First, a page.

During a family vacation to Orlando, Florida we stopped by the Universal Studios theme park. It was 1993, I believe, and I was about nine or ten years old. There used to be an attraction, which sadly no longer exists, called Alfred Hitchcock: The Art of Making Movies. At this age I had not seen nor ever really heard much about Alfred Hitchcock or his films. My parents explained that he was a director who made suspense films. I know I loved movies and I figured hey why not? The first part of the attraction featured a film reel in 3D with a scene from “Dial M for Murder” and an attack from “The Birds.” Then you were escorted into another theater where a recreation of the Psycho set was on display. Here we learned about Hitchcock’s famous “shower scene” which of course I knew nothing about. And as part of the attraction a huge screen was lowered and they showed the scene from the movie. I can’t say that I was completely scared to death, but I was frightened and strangely intrigued. A movie about a guy who dresses as his mother while he kills people in the shower? I was so there! Universal even had a recreation of the original set of the Bates Motel and Psycho house on display at the park which I thought was so cool (Which are now located at Universal Studios in Hollywood). I even brought home a notepad in the shape of the Psycho house and a red pen shaped like a knife as a souvenir.
Months later back at home at the local video store, my mom thought it would be a good idea to rent some of Hitchcock’s films. I’m not quite sure what she was thinking, but I don’t regret it. I watched "The Birds" and loved it. I watched "Psycho" which I loved even more. I remember scoping out the videocassette at the store and noticing that it was “rated M for mature.” I asked my mom, “Am I mature?” I think she just nodded her head and laughed. I mean what ten year-old who is the son of a woman renting "Psycho" for her child, is not mature? I went home and watched the movie and I’m pretty sure I had no idea what the heck was going on. The first forty minutes seemed to be about some woman who likes to drive a lot. Finally she checks into the Bates Motel and is brutally stabbed in the shower. I remember they showed the film on AMC one night and I taped it. I had to watch the movie over and over again. And even when I had my friends come over, I’d say, “You wanna watch Psycho?” And we’d put it on and then my mother, possibly herself bored with the film’s slower first act, would insist that we fast-forward to when Janet Leigh gets to the motel.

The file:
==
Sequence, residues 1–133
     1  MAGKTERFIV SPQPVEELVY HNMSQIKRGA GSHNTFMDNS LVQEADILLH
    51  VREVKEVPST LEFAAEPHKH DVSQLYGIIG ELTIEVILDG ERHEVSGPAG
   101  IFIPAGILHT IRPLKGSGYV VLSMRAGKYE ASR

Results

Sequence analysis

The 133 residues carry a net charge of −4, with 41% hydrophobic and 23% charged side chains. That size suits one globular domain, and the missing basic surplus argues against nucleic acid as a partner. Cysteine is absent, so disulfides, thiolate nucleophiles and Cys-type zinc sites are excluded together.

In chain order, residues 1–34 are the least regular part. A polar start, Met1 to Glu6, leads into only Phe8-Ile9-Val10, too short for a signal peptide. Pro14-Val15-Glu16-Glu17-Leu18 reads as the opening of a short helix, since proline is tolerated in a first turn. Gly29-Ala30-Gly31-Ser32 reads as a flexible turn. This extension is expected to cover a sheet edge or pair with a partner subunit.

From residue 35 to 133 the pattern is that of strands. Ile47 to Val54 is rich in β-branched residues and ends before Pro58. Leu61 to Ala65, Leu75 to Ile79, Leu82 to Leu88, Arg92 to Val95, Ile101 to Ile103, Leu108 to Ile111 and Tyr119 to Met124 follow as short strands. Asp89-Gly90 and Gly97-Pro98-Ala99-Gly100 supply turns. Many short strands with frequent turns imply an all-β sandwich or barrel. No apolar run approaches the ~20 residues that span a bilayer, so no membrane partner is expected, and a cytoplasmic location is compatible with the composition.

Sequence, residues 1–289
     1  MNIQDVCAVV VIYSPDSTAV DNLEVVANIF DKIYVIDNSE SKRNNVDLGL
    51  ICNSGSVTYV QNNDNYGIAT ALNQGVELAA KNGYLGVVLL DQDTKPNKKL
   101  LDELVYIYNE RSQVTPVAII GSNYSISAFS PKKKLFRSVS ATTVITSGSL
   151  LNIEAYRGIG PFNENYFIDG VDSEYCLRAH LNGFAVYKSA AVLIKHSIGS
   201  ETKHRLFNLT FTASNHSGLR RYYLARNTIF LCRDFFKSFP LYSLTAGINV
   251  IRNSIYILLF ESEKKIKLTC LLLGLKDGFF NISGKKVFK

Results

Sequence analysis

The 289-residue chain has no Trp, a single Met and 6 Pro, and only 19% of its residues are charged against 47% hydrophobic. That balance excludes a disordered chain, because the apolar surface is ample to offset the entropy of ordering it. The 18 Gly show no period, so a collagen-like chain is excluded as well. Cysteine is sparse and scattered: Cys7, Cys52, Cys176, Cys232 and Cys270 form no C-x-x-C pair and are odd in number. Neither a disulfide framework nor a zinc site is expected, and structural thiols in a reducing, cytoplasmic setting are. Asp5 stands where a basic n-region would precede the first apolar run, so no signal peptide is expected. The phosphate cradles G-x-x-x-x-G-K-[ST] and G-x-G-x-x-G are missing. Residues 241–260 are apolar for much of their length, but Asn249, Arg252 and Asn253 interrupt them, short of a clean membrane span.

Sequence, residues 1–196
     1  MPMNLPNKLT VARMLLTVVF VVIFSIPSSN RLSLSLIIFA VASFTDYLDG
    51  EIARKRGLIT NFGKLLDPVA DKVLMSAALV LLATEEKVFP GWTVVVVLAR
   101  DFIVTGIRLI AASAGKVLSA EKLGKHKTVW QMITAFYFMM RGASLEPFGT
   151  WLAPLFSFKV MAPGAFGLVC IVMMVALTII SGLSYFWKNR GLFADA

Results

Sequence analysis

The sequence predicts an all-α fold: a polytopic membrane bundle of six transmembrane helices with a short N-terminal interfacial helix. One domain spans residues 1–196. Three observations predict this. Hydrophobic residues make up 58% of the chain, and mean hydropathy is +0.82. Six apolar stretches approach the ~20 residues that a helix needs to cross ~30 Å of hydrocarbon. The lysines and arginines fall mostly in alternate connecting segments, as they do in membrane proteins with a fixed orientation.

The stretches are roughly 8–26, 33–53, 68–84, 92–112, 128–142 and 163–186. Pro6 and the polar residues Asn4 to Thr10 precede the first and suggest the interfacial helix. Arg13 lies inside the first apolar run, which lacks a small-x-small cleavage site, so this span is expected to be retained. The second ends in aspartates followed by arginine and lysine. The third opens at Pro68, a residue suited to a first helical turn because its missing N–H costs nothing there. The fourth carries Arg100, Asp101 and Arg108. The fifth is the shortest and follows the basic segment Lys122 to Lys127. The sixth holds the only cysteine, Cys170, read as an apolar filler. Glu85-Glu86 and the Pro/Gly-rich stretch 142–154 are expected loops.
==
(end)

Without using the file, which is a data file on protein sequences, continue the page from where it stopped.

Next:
I’m not sure why I became fascinated with Hitchcock’s masterpiece at such a young age, but perhaps it was fate. I think I was destined to absolutely love the Slasher Genre. Because I think it was basically the year before or year after that I was shown “Halloween” and I was equally terrified and enthralled by it. “Psycho” is a great film for all of the reasons you’ve already heard of. It kills its lead actress in the first 40 minutes. It’s shot in stark black and white because Hitchcock insisted the film would be too gory. Hitchcock revolutionized the way people go to the movies when he employed a “no late entry” policy at theaters showing the film. If the film had started, you weren’t even allowed in. And oh that music! How could you not get chills when those stark strings churn out one of the creepiest stings in all of cinema? The shower scene is still to this day the most famous, and arguably, the best moments in American film. Norman Bates is such a memorable character mostly because of Anthony Perkins’ outstanding portrayal. And let’s not forget he would reprise his most famous role three more times. Yes there are actually a total of four “Psycho” films and I’ve seen them all. I own them. “Psycho II” is a pretty decent 80s take on the Norman Bates saga. “Psycho III” is artsy and easily forgettable but remembered for its famous director (Perkins himself!) and “Psycho IV The Beginning” is a fascinating prequel which shows Norman’s messed up childhood and how he went about murdering his own mother. The less said about the equally fascinating (because it famously used the same script and camera angles) yet horrendous remake the better.
And wouldn’t you know that 2010 marks the 50th anniversary of this classic, groundbreaking movie. (Which was just announced for release on Blu-Ray!) It was a film that shocked audiences around the world, perhaps in part that it was very loosely based on a real killer’s crimes (that of Wisconsin’s Ed Gein), and in my own living room where the memories of first watching Alfred Hitchcock’s Psycho are as fresh as ever. Psycho is a celebration of cinematic sound and vision that will forever hold up as the granddaddy of modern horror and the perfect topping to a brilliant showman’s wondrous career. Thanks mom, for renting "Psycho." I guess a boy's best friend is his mother. GRADE: A+